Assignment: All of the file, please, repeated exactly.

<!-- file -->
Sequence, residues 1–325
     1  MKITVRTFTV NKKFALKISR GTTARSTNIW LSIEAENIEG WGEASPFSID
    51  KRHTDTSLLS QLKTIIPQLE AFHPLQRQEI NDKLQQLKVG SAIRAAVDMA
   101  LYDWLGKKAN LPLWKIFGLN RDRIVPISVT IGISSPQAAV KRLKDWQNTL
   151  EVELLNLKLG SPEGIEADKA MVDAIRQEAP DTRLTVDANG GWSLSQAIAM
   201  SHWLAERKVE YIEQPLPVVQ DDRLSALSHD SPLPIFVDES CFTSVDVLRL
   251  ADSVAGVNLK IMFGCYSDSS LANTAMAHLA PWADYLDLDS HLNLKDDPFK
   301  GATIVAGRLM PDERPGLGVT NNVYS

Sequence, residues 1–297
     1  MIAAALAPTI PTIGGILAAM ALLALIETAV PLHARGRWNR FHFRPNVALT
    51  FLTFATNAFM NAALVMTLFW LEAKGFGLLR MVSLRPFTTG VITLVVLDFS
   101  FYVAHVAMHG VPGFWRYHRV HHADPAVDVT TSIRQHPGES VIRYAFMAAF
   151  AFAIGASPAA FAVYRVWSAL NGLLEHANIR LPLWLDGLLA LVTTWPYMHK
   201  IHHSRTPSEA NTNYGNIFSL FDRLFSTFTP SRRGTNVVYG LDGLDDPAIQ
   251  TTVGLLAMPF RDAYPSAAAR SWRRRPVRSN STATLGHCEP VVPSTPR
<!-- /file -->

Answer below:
Sequence, residues 1–325
     1  MKITVRTFTV NKKFALKISR GTTARSTNIW LSIEAENIEG WGEASPFSID
    51  KRHTDTSLLS QLKTIIPQLE AFHPLQRQEI NDKLQQLKVG SAIRAAVDMA
   101  LYDWLGKKAN LPLWKIFGLN RDRIVPISVT IGISSPQAAV KRLKDWQNTL
   151  EVELLNLKLG SPEGIEADKA MVDAIRQEAP DTRLTVDANG GWSLSQAIAM
   201  SHWLAERKVE YIEQPLPVVQ DDRLSALSHD SPLPIFVDES CFTSVDVLRL
   251  ADSVAGVNLK IMFGCYSDSS LANTAMAHLA PWADYLDLDS HLNLKDDPFK
   301  GATIVAGRLM PDERPGLGVT NNVYS

Sequence, residues 1–297
     1  MIAAALAPTI PTIGGILAAM ALLALIETAV PLHARGRWNR FHFRPNVALT
    51  FLTFATNAFM NAALVMTLFW LEAKGFGLLR MVSLRPFTTG VITLVVLDFS
   101  FYVAHVAMHG VPGFWRYHRV HHADPAVDVT TSIRQHPGES VIRYAFMAAF
   151  AFAIGASPAA FAVYRVWSAL NGLLEHANIR LPLWLDGLLA LVTTWPYMHK
   201  IHHSRTPSEA NTNYGNIFSL FDRLFSTFTP SRRGTNVVYG LDGLDDPAIQ
   251  TTVGLLAMPF RDAYPSAAAR SWRRRPVRSN STATLGHCEP VVPSTPR